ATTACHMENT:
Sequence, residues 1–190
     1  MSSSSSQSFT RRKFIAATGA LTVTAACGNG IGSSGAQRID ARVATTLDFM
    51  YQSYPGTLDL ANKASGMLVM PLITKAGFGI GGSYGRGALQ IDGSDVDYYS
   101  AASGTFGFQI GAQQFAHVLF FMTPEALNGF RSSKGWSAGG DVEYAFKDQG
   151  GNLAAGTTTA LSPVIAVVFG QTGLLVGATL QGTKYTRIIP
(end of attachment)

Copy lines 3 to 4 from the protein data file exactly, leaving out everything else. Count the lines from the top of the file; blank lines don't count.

    51  YQSYPGTLDL ANKASGMLVM PLITKAGFGI GGSYGRGALQ IDGSDVDYYS
   101  AASGTFGFQI GAQQFAHVLF FMTPEALNGF RSSKGWSAGG DVEYAFKDQG